For those cellphone fanatics, this conclusion would have been easy to make. While the box looked real, the accessories inside the box gave the truth away. For example, this iPhone came with a protective case and even though it was printed with the device's logo, it is an extra that does not come with the real handset. A docking station with a speaker had the Apple trademark printed on the back, but resembles nothing that the company includes with the purchase of a real iPhone 3G. Inside the box was an extra battery/battery extender that clips to the bottom of the phone and puts the phony stamp all over this model. Add an AC power cord that is not current Apple equipment, a cheap pair of earphones and a stylus that would not work on a real iPhone capacitive display and many would not even have to inspect the phone to know that they had been taken.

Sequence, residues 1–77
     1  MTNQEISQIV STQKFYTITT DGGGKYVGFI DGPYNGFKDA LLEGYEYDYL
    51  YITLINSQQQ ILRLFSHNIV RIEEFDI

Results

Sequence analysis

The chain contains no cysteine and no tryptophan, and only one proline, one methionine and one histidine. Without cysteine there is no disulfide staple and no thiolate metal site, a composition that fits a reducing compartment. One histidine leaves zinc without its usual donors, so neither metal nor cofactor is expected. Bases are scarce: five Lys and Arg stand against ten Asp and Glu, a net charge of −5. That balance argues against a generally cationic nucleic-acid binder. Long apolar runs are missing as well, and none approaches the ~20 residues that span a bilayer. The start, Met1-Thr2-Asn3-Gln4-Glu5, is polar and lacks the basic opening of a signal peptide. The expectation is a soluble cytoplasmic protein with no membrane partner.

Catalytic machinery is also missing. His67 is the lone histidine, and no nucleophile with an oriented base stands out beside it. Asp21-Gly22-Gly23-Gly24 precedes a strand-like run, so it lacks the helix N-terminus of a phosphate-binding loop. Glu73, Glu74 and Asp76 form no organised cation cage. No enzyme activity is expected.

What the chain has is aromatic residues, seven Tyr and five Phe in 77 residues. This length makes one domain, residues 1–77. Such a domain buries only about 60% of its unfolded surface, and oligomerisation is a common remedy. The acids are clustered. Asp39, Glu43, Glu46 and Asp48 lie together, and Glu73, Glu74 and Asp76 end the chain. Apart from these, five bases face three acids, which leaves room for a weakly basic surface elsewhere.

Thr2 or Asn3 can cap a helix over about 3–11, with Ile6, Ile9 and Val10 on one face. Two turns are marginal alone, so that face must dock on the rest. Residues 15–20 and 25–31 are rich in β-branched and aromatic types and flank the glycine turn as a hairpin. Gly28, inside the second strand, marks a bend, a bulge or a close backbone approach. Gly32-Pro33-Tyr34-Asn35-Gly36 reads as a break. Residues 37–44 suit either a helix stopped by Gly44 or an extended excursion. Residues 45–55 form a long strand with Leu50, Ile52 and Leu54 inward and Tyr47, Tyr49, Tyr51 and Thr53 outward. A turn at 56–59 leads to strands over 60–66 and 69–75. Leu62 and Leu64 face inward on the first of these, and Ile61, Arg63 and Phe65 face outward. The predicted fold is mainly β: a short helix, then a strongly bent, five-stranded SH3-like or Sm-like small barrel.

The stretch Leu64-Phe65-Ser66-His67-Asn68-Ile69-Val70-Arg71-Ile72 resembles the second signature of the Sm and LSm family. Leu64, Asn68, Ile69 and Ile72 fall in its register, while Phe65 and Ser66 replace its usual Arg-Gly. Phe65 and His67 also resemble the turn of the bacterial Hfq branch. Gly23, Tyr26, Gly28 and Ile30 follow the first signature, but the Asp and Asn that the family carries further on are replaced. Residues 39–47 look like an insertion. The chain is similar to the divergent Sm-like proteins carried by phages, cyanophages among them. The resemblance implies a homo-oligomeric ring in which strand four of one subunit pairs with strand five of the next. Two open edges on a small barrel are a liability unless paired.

Let's examine the phone. Giveaways include the plastic screen, a flat instead of rounded back, the Linux logo on a widget, and the lagging responsiveness just to name a few things that just do not seem right. Check out the video on the source link to see more.
source: Baltimore Sun